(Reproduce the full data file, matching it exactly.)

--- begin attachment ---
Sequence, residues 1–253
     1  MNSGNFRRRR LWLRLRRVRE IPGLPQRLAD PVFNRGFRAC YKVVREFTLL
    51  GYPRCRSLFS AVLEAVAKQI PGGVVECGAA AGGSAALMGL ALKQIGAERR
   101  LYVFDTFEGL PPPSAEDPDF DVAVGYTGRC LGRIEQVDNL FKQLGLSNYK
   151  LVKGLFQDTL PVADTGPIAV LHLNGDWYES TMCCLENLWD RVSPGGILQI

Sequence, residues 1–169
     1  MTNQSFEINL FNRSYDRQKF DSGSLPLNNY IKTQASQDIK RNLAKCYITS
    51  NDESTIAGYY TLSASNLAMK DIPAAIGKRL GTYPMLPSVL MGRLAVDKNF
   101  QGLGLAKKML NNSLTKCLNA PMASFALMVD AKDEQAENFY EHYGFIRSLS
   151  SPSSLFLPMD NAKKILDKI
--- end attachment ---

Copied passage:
Sequence, residues 1–253
     1  MNSGNFRRRR LWLRLRRVRE IPGLPQRLAD PVFNRGFRAC YKVVREFTLL
    51  GYPRCRSLFS AVLEAVAKQI PGGVVECGAA AGGSAALMGL ALKQIGAERR
   101  LYVFDTFEGL PPPSAEDPDF DVAVGYTGRC LGRIEQVDNL FKQLGLSNYK
   151  LVKGLFQDTL PVADTGPIAV LHLNGDWYES TMCCLENLWD RVSPGGILQI

Sequence, residues 1–169
     1  MTNQSFEINL FNRSYDRQKF DSGSLPLNNY IKTQASQDIK RNLAKCYITS
    51  NDESTIAGYY TLSASNLAMK DIPAAIGKRL GTYPMLPSVL MGRLAVDKNF
   101  QGLGLAKKML NNSLTKCLNA PMASFALMVD AKDEQAENFY EHYGFIRSLS
   151  SPSSLFLPMD NAKKILDKI